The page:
Q: Are you approaching The Gilded Age differently?

A: Well, I’m planning to do all of the work on it for the first season, then see where we are. The first season will be completely me.

But I don’t want you to think I’m turning up my nose at the idea of a writers’ room. As a matter of fact I’m very intrigued by it. And what I really admire is how someone like [Mad Men’s] Matthew Weiner can run a writers’ room and yet maintain the series with a very distinctive voice and a very distinctive style.

I mean, I absolutely adore Mad Men. And I can’t bear the fact that it’s coming to an end. Don’t tell me about the last series, I haven’t seen it yet.

Q: So Mad Men sets a bar for you, in terms of a writers’ room?

A: The truth is, that seems to me to be an astonishing skill that [Weiner] is able to keep this very vivid and distinctive voice going when he has got a team of writers.

So, clearly, there are ways and ways of running a writers’ room and he is the master of it, I would [say]. I am certainly going to buy him lunch if that ever comes to me. I’ll try to find out his skill.

Q: I’ve read that you didn’t want to dive deep into The Gilded Age until Downton Abbey was finished, so now as you write that final episode what have you been doing to prepare for the new show?

A: I’m reading around The Gilded Age, you know. I’m a big fan of Edith Wharton and there are  other books and characters, ah, real ones. My Gilded Age will be fictional, but of course many of the things that happen to the characters will be based on real life.

And so I am trying to get a picture of that extraordinary boom town era in New York in the 1870s when post-Civil War fortunes came flooding in and the palaces were beginning to be built. Although, of course, much further downtown than nowadays.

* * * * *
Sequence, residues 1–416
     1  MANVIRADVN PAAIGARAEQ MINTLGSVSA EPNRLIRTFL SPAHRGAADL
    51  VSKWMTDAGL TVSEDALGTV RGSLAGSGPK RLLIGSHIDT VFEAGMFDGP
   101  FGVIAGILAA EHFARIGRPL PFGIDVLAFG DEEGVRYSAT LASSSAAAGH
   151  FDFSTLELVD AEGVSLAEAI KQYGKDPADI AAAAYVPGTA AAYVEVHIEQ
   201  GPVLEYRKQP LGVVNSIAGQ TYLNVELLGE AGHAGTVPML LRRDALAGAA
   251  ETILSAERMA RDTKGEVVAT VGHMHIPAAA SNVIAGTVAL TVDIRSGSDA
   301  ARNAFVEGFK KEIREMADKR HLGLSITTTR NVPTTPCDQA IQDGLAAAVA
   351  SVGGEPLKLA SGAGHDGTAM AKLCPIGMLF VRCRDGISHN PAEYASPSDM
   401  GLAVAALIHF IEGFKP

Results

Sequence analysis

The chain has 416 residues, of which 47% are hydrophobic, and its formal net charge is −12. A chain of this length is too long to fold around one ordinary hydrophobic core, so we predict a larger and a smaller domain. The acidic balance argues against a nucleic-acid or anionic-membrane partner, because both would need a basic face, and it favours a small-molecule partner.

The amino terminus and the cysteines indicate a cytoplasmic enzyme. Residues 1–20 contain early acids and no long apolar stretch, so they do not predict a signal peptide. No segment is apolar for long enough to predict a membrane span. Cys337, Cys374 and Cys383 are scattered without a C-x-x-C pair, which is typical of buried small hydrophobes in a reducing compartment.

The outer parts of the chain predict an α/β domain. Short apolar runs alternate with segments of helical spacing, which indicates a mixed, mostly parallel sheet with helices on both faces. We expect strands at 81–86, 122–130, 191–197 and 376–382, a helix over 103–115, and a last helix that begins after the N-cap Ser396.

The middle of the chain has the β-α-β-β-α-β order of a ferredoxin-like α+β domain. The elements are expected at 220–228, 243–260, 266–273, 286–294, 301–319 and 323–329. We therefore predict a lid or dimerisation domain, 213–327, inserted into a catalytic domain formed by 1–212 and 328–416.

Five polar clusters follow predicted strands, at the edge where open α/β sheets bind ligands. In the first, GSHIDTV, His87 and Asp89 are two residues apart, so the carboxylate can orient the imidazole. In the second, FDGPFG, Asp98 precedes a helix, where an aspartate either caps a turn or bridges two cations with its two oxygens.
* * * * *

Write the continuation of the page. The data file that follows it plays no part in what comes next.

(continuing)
I’m quite interested by that. That fashionable New York started at sort of 20th street, whereas now it begins up at 59th or something. So the whole thing has moved up and alas in the process so much of that period of New York has been lost.

Q: Though you’ve written American characters on Downton, what else do you think might be interesting about Gilded Age, insofar as creating a show all about Americans?

A: It will be interesting in Gilded Age because American actors have much more of a tradition of changing their lines. They come in and they improvise and they add things and they take things away.

They often feel they can make their lines better, and that is very difficult if you want anything to be funny because when you add words, when you subtract words, when you change the rhythm, it can lose the laugh. So, it will be, it’ll be interesting to see how we get on with that really.

Q: Will writing in the American voice be a challenge?

A: Well it’s a challenge of course but I will have advisors to read the scripts and they will say “we don’t call soap this” on whatever word I have. So I will have all those non-Americanisms taken out.

I think that is something I have to concentrate on. Because there are [British] phrases that don’t translate. Because in a drama, you have to make your point there and then. [The audience] hasn’t time to stop and think about it.

....

Also see the Television Academy Foundation's interview with Mr. Fellowes here.